Q Jay, would you say the talks are becoming increasingly contentious and frustrating as each day goes forward?
MR. CARNEY: Would I say that?
MR. CARNEY: I would say that the talks continue to be serious, they continue to be focused on substantive issues, and they are by and large engaged -- they by and large occur in an environment that’s reasonably collegial and respectful.
Q Is President Obama feeling frustrated that he’s not really getting the progress that he hoped rapidly enough?
MR. CARNEY: He’s not, and -- because, again, I think there is more progress than is necessarily perceived on the outside. And I’m not -- I understand that this is hard stuff and participants in the meeting come out and talk about the disagreements, but it’s also important to remember that there are areas of agreement and there are areas of overlap where we can reduce spending and build upon that to do something even more significant.
I would simply say that the -- to the extent the President feels any frustration, it’s simply at the prospect that something real and tangible and significant, and in fact generational, in terms of an accomplishment, is there for the taking if everyone in that room would be willing to compromise, get outside his or her comfort zone, and reach an agreement. Because it’s not that far out of reach; it’s really quite close.
Q And a follow-up on Laura -- will you take a pool to Camp David with you?
MR. CARNEY: (Laughter.) When I go with my family to -- actually they won’t let me do that. But we have no plans to move offsite.
Q So even though you have no plans, are you ruling it out, especially since Boehner has said that he doesn’t want to go?
MR. CARNEY: I’m not ruling anything out. It’s -- again, this is a --
Q Well, you couldn’t do it without him.
MR. CARNEY: What I read was a report by a news organization with two unnamed, unidentified, unlocated sources saying that something was being considered. Well, I considered having the chicken tacos today -- (laughter) -- but instead I had the salmon. I mean, it’s just -- it’s not -- for lunch, it’s just -- we’re not -- we’re here, we’ve had meetings here. If those plans change, we will absolutely tell you, and I’m sure we will bring a pool.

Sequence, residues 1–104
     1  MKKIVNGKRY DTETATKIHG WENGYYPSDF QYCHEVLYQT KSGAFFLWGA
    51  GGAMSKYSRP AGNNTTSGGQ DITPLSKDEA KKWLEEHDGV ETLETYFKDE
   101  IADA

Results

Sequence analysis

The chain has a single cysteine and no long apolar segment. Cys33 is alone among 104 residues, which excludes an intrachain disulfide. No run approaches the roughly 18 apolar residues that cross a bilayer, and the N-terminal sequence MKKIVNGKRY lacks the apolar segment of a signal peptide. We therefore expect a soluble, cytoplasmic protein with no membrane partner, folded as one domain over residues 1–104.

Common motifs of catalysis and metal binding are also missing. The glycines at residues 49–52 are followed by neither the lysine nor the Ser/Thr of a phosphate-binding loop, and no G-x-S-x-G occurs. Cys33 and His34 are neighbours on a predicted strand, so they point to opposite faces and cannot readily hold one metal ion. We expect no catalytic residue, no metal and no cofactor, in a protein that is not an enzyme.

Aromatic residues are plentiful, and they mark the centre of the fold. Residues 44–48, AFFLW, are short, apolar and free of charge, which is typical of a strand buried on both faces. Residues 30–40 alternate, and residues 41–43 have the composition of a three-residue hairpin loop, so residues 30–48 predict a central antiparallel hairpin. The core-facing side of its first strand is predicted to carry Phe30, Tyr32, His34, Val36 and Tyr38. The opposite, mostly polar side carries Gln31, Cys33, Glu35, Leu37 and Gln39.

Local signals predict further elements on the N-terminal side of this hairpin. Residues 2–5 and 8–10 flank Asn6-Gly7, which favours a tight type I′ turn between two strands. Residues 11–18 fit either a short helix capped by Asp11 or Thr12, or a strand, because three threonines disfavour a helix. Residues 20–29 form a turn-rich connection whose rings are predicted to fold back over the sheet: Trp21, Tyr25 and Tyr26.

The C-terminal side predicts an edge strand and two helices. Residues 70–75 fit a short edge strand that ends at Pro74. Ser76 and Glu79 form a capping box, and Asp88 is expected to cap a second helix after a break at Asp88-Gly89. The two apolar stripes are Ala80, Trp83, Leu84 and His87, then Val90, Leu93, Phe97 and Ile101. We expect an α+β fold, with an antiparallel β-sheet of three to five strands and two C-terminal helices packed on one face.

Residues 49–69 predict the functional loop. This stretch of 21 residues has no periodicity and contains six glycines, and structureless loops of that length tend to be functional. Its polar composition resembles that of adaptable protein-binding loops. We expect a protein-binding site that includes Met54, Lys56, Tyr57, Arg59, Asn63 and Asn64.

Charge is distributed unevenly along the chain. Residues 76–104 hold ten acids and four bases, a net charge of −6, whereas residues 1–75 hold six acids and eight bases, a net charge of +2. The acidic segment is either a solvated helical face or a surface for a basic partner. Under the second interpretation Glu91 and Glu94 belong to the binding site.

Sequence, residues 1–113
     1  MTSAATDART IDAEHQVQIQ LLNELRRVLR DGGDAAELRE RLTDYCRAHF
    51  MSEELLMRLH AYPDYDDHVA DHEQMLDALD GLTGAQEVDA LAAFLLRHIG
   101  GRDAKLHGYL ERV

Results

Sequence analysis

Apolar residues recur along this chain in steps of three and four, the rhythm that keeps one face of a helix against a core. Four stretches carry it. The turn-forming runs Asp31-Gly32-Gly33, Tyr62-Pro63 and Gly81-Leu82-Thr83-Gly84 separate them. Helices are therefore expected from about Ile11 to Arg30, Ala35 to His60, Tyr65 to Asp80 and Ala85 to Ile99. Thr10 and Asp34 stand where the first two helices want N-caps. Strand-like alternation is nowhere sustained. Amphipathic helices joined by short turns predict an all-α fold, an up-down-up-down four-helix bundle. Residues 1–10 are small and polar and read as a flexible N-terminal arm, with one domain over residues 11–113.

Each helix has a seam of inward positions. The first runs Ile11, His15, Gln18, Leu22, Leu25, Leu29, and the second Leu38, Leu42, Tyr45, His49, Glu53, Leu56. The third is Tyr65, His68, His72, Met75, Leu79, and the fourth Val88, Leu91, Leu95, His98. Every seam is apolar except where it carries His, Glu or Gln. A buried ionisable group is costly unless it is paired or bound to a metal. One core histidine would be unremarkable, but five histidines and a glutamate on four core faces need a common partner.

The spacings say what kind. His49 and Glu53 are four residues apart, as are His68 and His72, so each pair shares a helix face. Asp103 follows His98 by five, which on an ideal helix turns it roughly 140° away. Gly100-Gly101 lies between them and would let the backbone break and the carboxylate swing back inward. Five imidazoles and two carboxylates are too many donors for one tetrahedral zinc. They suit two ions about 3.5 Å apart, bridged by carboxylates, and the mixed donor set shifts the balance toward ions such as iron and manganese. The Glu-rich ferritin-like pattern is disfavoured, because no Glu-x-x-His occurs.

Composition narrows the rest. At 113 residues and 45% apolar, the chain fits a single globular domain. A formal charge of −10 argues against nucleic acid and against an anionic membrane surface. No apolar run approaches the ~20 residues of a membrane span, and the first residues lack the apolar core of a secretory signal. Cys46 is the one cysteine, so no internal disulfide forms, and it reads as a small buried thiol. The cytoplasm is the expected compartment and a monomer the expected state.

Q Boehner has said that he doesn’t want to -- he wouldn’t go; it’s not necessary to do it. So could you do the talks without him?
MR. CARNEY: Well, nobody has invited him to go anywhere. (Laughter.)
Q All right.
MR. CARNEY: Except to come here, and I think he’s coming.
Q Is July 22nd still -- can you explain where that falls? That was originally your deadline. Is that -- to get a deal -- would that mean --
MR. CARNEY: I think it’s -- I have explained a few times from here the July 22nd date was a loose date put -- a judgment made based on the need for Congress to do the things that it does to produce legislation working back from the August 2nd date. So generally speaking, the clock is ticking and we’re getting closer and closer to August 2nd. And there is a point before August 2nd after which it becomes really hard for Congress to move legislation through both houses.
So, again, it’s not -- July 22nd is not some -- it’s not similar to the August 2nd date, which is reached by careful analysis and numbers crunching and all that sort of thing. This is more an observation about how Congress works.
Q At one of these background briefings, though, we learned that 80 percent of a deal would have to be reached by July 22nd. At least a big portion of a deal would have to be reached by that point. Is that correct?
MR. CARNEY: I suppose. Again, I think these are -- 80 percent is probably a loose figure. July 22nd is a rough estimate. We’ve talked about already today the need for participants in these meetings to make an assessment tomorrow whether or not we are moving towards a significant bipartisan compromise on deficit reduction. And that’s tomorrow, July 15th.